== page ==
The commission charged with examining the impact of additional casinos in Delaware is moving into a formal bid process for a consultant that will compile data for the panel.
A panel of state legislators and administration officials charged with investigating whether Delaware could support more casinos agreed Sept. 15 to accept bids for the services of a research consultant firm.
In doing so the Video and Sports Lottery Study Commission essentially decided to spend upward of $50,000 in state funds to have a report prepared for its consideration, since the formal bidding process the commission chose to initiate is reserved for competitive state contracts worth more than that amount.
The commission could have gone with a less intensive state procurement process used for contracts valued at less that $50,000, but the members agreed that wouldn’t be enough to cover the cost of a detailed report on the gambling market in Delaware.
Dover Sen. Colin Bonini, one of two Republican legislators on the panel, was the only member who raised a concern about the potential cost.
“What if we get three proposals and the cheapest is $150,000?” he asked rhetorically.
Dennis Rochford, a businessman hand-picked to chair the commission by Gov. Jack Markell, said the panel will have to wait and see what the bids look like, but it can’t limit the scope of its study because of possible expense.
“We have to be satisfied that we’re not sacrificing information that we need,” he said.
To fulfill the language of the state law passed in May that created the commission, the panel needs to provide the legislature with an informational report regarding the feasibility of new casinos in Delaware, including the effects additional gambling venues would have on state revenues and cash flow at the state’s three existing racinos.
The law, which also reauthorized sports betting and set the ball rolling on table games, requires the commission to consider the impact a new casino or casinos would have on the job market, nearby communities and the local economy.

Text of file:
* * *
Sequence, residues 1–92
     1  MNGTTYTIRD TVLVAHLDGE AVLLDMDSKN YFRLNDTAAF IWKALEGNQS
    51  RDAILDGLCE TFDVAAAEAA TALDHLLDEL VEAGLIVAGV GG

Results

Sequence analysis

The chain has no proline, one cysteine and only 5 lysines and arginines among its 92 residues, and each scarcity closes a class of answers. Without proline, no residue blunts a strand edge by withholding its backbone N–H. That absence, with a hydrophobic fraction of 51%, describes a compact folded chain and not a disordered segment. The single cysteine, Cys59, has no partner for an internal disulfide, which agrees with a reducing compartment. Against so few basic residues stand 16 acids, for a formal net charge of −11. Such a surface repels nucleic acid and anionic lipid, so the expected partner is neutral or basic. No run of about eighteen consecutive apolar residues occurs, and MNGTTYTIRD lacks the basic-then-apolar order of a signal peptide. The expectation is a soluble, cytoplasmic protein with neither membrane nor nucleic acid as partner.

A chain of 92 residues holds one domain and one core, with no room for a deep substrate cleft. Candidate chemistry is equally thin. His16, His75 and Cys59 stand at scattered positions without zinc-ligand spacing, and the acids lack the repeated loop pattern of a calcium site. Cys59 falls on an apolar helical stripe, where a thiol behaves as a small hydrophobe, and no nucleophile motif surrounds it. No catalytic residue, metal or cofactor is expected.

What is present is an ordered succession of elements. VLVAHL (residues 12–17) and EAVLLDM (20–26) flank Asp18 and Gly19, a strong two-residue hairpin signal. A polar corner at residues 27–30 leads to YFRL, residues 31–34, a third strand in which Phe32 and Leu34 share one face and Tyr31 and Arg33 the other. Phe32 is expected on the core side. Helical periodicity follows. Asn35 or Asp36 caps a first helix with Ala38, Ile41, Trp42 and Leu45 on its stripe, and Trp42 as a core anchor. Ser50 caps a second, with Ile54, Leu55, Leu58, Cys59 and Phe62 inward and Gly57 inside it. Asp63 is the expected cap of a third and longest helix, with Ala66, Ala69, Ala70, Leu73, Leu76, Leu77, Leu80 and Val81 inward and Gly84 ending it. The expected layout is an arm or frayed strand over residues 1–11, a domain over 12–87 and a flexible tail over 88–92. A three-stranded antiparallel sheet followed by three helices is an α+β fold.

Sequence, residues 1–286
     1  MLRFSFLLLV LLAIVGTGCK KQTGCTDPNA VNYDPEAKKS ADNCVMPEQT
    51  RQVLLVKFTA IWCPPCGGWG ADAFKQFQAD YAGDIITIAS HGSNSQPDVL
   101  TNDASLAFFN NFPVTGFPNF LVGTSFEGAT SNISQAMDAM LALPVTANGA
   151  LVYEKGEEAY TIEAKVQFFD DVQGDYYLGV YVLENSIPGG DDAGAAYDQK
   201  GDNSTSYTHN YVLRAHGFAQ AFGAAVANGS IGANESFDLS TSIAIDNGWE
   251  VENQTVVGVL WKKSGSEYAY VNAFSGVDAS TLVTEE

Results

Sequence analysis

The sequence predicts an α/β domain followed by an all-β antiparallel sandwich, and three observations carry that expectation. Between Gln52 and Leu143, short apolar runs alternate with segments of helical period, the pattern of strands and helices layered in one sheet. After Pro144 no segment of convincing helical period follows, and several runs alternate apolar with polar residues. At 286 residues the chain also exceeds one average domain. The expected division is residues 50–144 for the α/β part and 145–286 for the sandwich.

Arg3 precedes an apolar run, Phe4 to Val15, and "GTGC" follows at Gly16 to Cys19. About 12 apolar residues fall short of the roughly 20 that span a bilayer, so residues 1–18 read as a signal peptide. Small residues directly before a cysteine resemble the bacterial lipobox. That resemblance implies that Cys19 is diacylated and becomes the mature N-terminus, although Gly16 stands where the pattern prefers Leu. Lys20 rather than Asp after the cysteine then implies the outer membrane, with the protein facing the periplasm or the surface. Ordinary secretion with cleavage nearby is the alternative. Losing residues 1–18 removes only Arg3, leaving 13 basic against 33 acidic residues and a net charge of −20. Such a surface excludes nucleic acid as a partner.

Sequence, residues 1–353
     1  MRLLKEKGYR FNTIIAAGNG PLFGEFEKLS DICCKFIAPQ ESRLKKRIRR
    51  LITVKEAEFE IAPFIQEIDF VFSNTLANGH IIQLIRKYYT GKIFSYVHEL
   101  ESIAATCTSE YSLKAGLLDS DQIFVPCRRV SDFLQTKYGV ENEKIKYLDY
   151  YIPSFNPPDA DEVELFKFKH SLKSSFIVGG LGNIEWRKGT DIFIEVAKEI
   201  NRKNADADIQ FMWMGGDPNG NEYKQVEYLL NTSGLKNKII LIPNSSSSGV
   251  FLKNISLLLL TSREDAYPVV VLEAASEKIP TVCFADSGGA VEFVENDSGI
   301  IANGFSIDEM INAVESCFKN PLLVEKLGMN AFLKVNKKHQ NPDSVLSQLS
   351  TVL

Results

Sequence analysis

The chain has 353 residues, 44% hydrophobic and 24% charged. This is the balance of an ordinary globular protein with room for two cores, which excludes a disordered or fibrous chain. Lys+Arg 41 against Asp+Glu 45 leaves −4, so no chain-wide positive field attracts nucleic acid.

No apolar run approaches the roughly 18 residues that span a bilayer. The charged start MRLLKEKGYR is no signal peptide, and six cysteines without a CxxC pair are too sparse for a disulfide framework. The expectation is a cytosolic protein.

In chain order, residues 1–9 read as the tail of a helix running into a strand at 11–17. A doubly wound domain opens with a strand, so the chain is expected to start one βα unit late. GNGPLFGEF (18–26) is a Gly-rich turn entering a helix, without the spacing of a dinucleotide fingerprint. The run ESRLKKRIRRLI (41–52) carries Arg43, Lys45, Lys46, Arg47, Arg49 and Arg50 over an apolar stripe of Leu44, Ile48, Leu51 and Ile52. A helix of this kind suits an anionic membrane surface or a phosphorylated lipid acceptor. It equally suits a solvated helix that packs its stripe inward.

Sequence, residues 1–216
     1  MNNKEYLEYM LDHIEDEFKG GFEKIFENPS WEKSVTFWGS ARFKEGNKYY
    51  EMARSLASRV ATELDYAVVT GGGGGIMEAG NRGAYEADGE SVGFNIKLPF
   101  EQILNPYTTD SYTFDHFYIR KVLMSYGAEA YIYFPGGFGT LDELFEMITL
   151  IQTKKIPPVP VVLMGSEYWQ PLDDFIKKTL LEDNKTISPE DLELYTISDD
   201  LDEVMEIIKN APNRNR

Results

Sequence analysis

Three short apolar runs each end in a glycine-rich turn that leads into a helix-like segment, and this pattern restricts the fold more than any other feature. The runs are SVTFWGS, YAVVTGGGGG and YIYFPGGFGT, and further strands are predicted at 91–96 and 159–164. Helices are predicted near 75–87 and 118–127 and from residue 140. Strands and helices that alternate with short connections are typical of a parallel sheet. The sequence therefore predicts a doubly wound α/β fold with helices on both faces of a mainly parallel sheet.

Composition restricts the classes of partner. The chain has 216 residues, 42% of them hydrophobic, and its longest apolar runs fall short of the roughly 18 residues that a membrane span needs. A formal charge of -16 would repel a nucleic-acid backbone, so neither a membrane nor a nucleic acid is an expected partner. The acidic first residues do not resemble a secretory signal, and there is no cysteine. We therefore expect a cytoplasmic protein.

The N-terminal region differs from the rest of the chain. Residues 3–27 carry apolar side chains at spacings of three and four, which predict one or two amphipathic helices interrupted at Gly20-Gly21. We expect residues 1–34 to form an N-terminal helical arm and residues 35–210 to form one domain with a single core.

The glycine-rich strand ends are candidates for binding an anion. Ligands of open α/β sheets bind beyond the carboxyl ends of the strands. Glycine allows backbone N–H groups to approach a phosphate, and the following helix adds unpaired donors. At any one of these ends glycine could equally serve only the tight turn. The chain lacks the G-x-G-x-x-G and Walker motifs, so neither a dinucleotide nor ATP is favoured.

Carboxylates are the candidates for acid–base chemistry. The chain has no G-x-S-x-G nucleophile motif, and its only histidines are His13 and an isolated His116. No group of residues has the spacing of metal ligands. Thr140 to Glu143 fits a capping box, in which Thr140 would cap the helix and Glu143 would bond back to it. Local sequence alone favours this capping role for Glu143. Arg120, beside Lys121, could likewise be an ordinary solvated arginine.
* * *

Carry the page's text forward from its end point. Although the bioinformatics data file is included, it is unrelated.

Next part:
At its first meeting last month the panel agreed it wanted a neutral, unbiased analysis of the state’s gambling market; and that the only way to get it is by hiring an outside consultant.
At the Sept. 15 meeting commission member Tom Cook, acting director of the state finance department, presented a detailed outline of what the panel expects to see in a consultant’s report.
It includes a “baseline” assessment of Delaware’s current gambling market, including analysis of how the state’s racinos compete with venues in neighboring states, and projections based on the addition of a new casino with a horseracing track and without one.
“This is sort of the template or guidelines for the consultant,” Cook told the commission.
The outline will be the basis for the open bidding process, a process Cook said could have begun Monday, Sept 21.
The formal process, known as a Request for Proposals, allows bidders two weeks from the time the bid is opened to submit their plans and price quotes.
After reviewing the initial responses to the RFP the commission will interview the top-rated bidders.
Cook said if the bids are in by the first week of October, the commission could hope to hire a winner by mid-October; and if the RFP process goes as scheduled, the commission could have the consultant’s report on the table by mid-December.
As for the cost of the report, most members of the commission were inclined to take a wait-and-see approach.
Commission member Sen. Nancy Cook, D-Kenton, said there’s not even a dedicated source of funding for the panel’s work.
Cook, whose expertise in the complexities of the state budget is legendary, indicated that the commission might be able to get some money shifted its way from the governor’s office, the finance department or the state economic development office, but no funding is currently in place.
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